Darknet (Southwark Playhouse)

Rose Lewenstein’s play runs until 7 May

Darknet Jim English (Jamie), Greer Dale-Foulkes (Candy)
Darknet Jim English (Jamie), Greer Dale-Foulkes (Candy)
© Lidia Crisafulli

In Darknet, society is controlled by a sinister online company called Octopus Inc. Everyone’s personal data is taken, rated, used, abused and sold to companies who then try to sell stuff back to the population via an online platform that everyone is a member of. Remind you of anything? This is the world of Facebook and Google 2.0.

Rose Lewenstein’s play feels alarmingly familiar but the unsettling premise doesn’t mean Darknet is any good. It’s ultimately a big mess of ideas with the occasional strong storyline that gets lost in the confusion of its mix of thriller-cum-romance-cum-cybercrime genres. Kyla’s mum is addicted to heroin, but won’t get help because taking a course of methadone will lower her Octo score. Kyla enlists the skills of young hacker Jamie who can do pretty much anything with a computer – including replace his school website with the picture of a penis – to buy methadone on the darknet, the illegal version of the world wide web.

Elsewhere a guy called Allen who runs Octopus is being diddled by an imprisoned hacker who is telling the world that Allen and his company used data obtained in an illegal way. Allen has a computer PA who is ‘programmed to be a feminist’ and he's also in love with an online sex worker, whose name and address is exposed by a reality TV gameshow. Meanwhile Allen is in the process of trying to convince the world that progress equals giving up all your information to his company.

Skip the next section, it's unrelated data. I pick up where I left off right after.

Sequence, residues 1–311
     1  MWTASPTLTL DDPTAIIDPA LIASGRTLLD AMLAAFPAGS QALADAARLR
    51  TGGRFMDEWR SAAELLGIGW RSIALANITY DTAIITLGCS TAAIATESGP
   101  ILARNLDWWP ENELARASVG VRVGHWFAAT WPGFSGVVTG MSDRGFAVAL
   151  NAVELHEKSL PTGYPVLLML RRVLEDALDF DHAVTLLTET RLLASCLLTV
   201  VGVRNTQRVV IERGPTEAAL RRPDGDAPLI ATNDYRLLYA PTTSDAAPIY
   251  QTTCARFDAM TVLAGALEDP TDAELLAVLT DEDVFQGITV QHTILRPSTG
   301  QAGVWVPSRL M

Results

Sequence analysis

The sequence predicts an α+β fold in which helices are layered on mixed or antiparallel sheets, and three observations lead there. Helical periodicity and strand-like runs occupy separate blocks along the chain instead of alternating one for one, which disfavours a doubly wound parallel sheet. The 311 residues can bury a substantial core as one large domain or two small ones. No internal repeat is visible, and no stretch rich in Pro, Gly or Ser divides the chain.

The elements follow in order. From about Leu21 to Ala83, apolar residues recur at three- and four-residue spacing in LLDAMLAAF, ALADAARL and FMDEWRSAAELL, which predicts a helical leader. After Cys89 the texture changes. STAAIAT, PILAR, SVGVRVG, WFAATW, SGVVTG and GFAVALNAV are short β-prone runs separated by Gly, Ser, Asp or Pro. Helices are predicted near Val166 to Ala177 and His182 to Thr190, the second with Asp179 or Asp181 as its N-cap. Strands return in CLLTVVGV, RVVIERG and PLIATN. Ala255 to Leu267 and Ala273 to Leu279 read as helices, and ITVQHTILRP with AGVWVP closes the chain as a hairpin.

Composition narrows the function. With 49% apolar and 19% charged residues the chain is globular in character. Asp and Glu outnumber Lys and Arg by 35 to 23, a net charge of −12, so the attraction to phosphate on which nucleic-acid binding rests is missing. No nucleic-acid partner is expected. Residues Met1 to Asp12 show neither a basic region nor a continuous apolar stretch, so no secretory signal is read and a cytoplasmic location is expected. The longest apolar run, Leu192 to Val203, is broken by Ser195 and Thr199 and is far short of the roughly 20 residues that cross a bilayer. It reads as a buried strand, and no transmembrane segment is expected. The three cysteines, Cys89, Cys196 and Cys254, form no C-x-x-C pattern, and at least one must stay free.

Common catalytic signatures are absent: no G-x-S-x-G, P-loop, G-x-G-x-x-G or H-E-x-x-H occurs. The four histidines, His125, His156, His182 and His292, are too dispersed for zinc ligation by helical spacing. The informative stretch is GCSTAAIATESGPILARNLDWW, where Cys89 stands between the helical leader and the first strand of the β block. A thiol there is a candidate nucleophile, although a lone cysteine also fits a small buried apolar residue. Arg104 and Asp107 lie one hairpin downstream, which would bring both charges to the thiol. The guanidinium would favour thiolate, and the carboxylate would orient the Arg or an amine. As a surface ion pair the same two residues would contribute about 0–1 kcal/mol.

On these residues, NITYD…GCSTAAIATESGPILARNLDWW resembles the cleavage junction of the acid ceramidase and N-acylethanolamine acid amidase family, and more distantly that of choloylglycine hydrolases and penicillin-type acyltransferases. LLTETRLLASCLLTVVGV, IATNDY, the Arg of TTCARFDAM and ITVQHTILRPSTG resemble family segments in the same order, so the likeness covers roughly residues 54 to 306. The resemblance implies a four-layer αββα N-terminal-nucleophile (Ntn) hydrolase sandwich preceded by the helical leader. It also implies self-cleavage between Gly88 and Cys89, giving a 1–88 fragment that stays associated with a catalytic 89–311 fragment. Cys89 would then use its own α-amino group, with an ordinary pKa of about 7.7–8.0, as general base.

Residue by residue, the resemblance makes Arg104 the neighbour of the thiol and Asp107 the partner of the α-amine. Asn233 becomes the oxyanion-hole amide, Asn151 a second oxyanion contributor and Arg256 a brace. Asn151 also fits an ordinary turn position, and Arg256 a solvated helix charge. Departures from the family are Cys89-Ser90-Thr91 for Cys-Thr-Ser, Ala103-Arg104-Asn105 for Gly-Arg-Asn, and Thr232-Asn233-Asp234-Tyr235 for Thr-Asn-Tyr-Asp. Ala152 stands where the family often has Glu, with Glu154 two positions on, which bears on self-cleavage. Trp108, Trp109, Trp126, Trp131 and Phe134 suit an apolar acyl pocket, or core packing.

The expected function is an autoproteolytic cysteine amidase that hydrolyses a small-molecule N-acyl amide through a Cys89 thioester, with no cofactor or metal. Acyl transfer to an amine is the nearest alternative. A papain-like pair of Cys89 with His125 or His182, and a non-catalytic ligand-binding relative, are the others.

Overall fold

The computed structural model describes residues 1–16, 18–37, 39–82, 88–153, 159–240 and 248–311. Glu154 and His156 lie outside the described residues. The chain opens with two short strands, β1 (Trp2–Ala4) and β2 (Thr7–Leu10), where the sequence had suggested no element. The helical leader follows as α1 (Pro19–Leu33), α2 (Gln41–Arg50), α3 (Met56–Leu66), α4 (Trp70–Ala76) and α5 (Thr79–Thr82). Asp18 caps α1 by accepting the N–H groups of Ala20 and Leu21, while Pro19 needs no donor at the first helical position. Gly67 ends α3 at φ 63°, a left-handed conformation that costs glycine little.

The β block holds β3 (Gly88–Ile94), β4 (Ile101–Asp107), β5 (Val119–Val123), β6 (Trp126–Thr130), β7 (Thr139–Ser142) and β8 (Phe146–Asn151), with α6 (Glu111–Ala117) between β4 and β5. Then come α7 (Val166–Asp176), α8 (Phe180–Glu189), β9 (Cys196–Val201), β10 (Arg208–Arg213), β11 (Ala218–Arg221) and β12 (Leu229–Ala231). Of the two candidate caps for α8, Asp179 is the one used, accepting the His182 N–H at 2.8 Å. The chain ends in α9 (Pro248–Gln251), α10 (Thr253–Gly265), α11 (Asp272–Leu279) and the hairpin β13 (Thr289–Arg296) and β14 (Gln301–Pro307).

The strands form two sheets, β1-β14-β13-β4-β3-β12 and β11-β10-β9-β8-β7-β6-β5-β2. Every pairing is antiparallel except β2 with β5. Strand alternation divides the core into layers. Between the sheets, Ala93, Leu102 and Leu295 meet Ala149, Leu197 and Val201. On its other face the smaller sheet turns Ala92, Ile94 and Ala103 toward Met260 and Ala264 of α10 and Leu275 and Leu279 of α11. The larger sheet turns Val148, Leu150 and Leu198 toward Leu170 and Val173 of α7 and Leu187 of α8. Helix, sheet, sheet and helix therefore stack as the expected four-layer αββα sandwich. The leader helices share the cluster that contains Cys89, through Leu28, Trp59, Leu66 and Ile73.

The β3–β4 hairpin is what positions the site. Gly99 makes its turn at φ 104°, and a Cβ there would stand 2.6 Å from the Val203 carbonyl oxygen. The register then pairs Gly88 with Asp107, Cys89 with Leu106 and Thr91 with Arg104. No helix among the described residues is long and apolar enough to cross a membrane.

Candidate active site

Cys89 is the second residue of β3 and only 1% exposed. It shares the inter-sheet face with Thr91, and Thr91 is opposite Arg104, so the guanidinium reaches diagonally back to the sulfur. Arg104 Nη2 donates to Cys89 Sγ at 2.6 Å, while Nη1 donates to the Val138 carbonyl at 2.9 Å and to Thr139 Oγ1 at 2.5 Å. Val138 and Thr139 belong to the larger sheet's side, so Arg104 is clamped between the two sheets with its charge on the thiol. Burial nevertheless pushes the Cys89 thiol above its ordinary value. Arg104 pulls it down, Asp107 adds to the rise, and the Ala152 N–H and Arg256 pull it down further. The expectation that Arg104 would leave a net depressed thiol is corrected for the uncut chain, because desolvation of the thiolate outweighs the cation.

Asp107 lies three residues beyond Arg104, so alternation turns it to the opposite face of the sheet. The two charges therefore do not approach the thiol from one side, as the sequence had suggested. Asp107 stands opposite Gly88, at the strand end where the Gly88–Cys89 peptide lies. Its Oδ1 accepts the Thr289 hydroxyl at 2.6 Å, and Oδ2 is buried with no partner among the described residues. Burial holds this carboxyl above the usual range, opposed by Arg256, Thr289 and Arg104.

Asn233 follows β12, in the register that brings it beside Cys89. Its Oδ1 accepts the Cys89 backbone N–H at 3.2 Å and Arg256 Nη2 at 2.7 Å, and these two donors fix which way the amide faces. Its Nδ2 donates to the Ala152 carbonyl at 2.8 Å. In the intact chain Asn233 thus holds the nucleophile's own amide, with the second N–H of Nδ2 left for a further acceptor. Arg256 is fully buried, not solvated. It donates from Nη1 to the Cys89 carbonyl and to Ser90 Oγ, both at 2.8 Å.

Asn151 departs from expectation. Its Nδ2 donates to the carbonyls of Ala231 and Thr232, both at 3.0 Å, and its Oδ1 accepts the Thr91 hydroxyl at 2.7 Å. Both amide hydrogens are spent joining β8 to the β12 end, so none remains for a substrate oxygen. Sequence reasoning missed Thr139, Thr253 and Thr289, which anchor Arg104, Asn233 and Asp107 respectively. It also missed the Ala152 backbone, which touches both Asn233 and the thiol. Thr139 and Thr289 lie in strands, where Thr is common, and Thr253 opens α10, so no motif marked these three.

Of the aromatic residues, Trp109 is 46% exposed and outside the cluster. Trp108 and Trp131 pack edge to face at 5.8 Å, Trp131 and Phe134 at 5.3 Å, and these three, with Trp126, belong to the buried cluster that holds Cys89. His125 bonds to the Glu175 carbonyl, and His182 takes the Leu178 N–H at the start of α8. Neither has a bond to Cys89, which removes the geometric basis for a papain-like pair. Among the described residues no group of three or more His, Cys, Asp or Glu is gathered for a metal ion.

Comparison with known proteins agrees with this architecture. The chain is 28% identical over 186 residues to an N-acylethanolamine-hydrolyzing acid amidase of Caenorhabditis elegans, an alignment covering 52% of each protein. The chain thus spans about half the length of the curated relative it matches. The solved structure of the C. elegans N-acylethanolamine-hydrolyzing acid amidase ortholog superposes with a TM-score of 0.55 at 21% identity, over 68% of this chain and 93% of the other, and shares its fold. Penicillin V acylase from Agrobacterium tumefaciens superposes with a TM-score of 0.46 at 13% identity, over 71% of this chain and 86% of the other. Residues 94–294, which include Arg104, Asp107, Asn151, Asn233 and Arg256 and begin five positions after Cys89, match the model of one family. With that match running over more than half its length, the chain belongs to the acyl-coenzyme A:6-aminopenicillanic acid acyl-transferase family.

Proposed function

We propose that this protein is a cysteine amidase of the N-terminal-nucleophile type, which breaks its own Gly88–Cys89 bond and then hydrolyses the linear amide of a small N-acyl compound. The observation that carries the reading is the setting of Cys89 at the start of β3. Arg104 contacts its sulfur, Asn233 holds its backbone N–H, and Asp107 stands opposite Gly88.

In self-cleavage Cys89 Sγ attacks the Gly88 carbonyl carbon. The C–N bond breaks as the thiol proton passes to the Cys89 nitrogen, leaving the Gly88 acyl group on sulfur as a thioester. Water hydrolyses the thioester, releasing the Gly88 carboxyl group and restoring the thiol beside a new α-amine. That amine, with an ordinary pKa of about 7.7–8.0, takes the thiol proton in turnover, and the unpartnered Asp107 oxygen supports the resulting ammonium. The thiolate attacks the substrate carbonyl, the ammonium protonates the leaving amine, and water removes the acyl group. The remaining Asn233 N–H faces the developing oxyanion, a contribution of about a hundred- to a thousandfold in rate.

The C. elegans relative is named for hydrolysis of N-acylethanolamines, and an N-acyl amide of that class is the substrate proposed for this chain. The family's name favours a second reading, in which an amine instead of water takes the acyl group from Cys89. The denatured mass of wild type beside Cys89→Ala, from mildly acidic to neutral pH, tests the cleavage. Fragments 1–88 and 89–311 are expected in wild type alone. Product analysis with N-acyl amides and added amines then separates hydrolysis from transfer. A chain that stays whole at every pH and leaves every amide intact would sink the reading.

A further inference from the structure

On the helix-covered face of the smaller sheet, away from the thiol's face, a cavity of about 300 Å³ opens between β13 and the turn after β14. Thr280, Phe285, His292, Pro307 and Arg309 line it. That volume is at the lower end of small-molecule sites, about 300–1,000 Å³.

There are echoes of just about every dystopian online book, film or play in Darknet – including Jeff Noon’s Vurt and, perhaps more noticeably, Dave Eggers' The Circle. Russell Bender’s production has some neat tricks – phone and iPad screens which zoom in on actors faces are held and moved around by the cast, and trippy fluorescent clothes clad people climb out of small frames hung at the back of the stage. But all too often the ideas don’t translate smoothly into practical designs: the scene changes are clunky, the screens occasionally don’t work.

Darknet is not without humour; the ridiculousness of the internet is mercilessly poked fun of through the likes of cat memes and the quickly diminishing length of our attention spans. But these observations of today’s society don’t make the play work. It needs a clearer, stronger, more streamlined message, perhaps even one that can be summed up in 140 characters.

Darknet runs at the Southwark Playhouse until 7 May.